Your Company Is Celebrating Black History Month All Wrong. Here’s How to Do It Right.

It's not about kente cloth or performative "diversity panels" — it's about putting Black employees front and center in your organization.

How is your company celebrating Black history? Photo via Getty Images

It’s that time of the year: Black History Month, a.k.a. the month when America loves (or at least pretends) to showcase Black excellence.

My views on this particular ritual have changed over the years. I once felt it should be canceled altogether, but my stance has become more nuanced. It’s not the month itself (but also, yes, celebrate Black history all year); it’s the particularly American ways it’s observed. Case in point: Last week I received several emails from companies asking me to give “some brief remarks” or join an “esteemed panel” to discuss race, diversity, or something similar as part of their “month-long celebration of African-American heritage.” It’s 2022; we should be over doing panel discussions on racism, as if we haven’t had enough “uncomfortable conversations” already. To make matters worse, most of these folks didn’t even offer an honorarium for the effort and energy they were asking me to put into making their brand appear woke.

“So you want me to speak to your company about the importance of diversity, equity and inclusion for free?” I emailed back to one of them before formally declining. “Please explore the irony in that.”

And this is exactly my issue with Black History Month — it’s gotten hijacked by corporations, brands and white people trying to either absolve themselves of racism or pull performative stunts of solidarity for capital. It’s hard not to cringe when Bath & Body Works puts out a line of beauty products with kente-cloth designs — as if that’s doing something. I can’t help but wonder what in the hell Barnes & Noble was thinking when it decided in 2020 to put Black faces on the covers of classic books by white authors — a form of literary Blackface I couldn’t have imagined previously. Such examples make me want these and other companies to do less — but because we live in a society where it can feel like you’re damned if you do, damned if you don’t, it’s complicated. If brands don’t acknowledge Black History Month (even if they screw it up), they run the risk of appearing not to care about Black communities. Therefore, the conversation to be had shouldn’t be a matter of whether corporations should celebrate Black history — but how they should.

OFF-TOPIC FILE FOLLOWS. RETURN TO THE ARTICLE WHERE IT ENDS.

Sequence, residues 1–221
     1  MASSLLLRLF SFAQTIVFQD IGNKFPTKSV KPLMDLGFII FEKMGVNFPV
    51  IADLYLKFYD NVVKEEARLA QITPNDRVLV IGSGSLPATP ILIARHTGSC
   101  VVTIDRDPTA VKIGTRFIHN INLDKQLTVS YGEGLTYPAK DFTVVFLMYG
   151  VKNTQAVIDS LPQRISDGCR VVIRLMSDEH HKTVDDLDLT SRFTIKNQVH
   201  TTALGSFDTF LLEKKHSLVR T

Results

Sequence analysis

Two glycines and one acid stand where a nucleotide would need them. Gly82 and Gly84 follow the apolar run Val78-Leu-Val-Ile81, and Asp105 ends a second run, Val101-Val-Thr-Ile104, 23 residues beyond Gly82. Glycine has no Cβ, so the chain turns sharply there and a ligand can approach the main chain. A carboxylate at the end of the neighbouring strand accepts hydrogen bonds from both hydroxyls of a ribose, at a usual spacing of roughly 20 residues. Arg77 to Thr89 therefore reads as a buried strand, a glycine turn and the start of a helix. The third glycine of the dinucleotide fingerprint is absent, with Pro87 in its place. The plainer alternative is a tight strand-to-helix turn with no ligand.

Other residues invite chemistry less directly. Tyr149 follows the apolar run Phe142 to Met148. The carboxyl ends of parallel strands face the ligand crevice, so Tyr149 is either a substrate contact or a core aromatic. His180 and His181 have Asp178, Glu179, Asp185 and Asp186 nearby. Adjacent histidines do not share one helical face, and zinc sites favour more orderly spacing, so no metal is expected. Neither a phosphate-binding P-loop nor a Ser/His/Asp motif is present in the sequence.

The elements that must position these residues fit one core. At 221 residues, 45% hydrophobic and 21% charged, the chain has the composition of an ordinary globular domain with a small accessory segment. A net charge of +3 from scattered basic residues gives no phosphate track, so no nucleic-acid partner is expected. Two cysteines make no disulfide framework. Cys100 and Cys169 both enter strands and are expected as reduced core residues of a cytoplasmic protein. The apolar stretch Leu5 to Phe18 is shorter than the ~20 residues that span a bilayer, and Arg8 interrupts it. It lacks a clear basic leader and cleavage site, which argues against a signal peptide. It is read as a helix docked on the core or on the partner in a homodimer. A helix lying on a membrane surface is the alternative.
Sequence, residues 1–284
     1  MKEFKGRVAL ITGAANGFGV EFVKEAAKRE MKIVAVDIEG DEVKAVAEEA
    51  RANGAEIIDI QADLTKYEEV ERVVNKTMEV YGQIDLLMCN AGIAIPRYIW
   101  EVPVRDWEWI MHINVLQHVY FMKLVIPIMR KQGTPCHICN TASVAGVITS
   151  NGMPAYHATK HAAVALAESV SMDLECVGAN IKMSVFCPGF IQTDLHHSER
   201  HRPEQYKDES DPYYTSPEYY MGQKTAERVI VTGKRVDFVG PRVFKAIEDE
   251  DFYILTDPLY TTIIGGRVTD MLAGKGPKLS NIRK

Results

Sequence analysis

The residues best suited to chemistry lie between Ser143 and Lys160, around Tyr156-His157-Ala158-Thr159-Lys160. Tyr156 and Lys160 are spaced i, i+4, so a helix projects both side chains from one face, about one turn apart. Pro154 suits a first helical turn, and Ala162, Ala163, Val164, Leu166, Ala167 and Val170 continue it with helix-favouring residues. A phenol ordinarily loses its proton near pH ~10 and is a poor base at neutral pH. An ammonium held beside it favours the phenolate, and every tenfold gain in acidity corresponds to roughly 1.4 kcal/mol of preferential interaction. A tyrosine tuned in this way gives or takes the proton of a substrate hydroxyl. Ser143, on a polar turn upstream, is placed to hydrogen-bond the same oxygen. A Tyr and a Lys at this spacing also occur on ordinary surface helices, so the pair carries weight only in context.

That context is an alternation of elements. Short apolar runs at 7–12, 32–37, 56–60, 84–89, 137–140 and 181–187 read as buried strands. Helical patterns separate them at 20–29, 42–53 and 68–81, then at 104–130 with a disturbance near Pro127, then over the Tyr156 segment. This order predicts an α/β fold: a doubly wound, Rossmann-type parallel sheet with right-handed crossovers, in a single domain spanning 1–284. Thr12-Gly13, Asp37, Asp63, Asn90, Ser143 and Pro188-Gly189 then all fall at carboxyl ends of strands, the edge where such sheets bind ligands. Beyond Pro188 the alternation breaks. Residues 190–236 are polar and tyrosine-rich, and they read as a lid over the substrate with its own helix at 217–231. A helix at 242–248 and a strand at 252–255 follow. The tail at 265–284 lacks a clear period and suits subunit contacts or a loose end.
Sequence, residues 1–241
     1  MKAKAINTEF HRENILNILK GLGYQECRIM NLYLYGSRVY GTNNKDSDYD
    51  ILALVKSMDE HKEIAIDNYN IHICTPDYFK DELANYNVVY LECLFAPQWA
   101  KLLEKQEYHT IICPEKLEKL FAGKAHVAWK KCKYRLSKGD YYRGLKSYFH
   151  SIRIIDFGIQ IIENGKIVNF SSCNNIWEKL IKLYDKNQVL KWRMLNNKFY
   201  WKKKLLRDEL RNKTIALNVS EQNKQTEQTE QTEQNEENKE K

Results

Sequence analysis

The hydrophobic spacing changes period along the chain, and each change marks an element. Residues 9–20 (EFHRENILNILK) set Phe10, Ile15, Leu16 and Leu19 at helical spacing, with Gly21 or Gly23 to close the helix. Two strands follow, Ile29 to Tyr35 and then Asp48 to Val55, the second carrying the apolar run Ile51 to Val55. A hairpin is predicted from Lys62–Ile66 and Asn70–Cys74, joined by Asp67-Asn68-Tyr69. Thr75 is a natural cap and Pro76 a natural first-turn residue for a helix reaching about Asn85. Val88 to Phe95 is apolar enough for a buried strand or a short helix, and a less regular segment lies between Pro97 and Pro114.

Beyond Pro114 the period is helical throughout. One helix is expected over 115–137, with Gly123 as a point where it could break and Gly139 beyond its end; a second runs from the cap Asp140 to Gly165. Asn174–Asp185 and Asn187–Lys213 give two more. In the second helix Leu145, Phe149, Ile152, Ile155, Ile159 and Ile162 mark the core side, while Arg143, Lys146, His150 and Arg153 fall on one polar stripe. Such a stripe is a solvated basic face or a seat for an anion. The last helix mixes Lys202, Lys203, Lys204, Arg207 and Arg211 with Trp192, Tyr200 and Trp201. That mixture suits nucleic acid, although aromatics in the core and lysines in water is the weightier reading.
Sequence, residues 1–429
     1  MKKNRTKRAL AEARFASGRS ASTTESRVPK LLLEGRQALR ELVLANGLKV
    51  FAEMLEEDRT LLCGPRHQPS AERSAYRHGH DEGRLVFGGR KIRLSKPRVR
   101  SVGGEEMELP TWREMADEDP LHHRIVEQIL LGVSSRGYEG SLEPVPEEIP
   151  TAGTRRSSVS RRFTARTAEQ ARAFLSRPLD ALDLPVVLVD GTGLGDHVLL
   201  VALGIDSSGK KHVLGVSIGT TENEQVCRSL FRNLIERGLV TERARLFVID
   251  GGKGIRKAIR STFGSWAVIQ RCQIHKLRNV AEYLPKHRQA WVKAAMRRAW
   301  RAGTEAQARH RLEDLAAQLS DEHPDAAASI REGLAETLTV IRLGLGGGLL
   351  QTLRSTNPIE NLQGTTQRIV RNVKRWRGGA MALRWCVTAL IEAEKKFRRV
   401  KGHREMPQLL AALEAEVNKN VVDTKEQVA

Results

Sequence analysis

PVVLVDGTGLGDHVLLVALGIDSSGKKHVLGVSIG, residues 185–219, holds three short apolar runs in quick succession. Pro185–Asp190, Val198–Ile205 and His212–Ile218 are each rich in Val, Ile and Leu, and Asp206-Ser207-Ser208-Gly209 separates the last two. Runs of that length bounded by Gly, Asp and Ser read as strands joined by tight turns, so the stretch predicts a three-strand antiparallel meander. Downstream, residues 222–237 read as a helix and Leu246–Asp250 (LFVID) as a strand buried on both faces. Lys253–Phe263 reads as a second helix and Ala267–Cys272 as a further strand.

Let’s cut to the chase: Current efforts by white-led organizations to “celebrate” Black communities with empty graphics, fun facts and tone-deaf marketing aren’t cutting it.

If you’re interested in actually celebrating Black history, try actually making Black history in your own backyard. The reason we even have a Black History Month is due to this nation’s ongoing failure to acknowledge the countless contributions of Black people, even in a society that’s more woke to the realities of institutional racism than previous generations. If you’re working within a company that has a huge racial pay gap, lack of diversity on your board, and/or dismal representation in your senior leadership — your company is part of the problem. No social media post or panel is doing anything to address these structural, institutional and political problems. Confronting the racism within your own workplace and making strides is perhaps the best way corporations can truly celebrate Black History Month.

Giving to Black causes has always been the lukewarm option — the way for companies to do something while doing nothing to look inward. Several major corporations — Target, American Airlines, McDonald’s — have either partnered with Black-owned businesses or given back to HBCUs/nonprofits. But are they trumpeting their efforts to promote Black employees? How have they used this month to visibly disrupt within their leadership/hiring practices? How many have addressed pay inequities impacting Black workers? It’s hard to take McDonald’s seriously when it only reached gender pay parity last October, leaving me left to wonder how far the corporation has come on racial inequities. Companies such as Walmart, Nvidia, Cisco, Pfizer, T-Mobile, Costco, Honeywell and Qualcomm still don’t have any Black executives on their leadership teams — but I’m supposed to believe they’re committed to diversity, equity and inclusion this month?

Situations like these prove the point that credibility, not performative action, makes the difference. Imagine if brands used this month to announce the promotion of a Black executive, the closing of racial pay gaps, or a shifting of focus onto ways to improve Black communities. Although it’s nearly comical to expect this in our capitalist world, it’s not as far-fetched as it may seem. The University of Pennsylvania did the right thing when it appointed former provost Wendell Pritchett to serve as interim president, making him the first person of color ever to lead Penn. ESPN started off February with a bang by announcing the major hire of Angela Rye as special correspondent on race and sports — a big move for a network that has previously made fumbles in that department. These moves signal possibility — and the opportunity for impact that extends beyond the 28 days many other companies still reserve for diversity coffee chats and kente-cloth promotions.

As I’ve said many times before, addressing racism is about shifting power. Corporations that are serious about doing that can celebrate Black History Month. Everyone else should look in the mirror.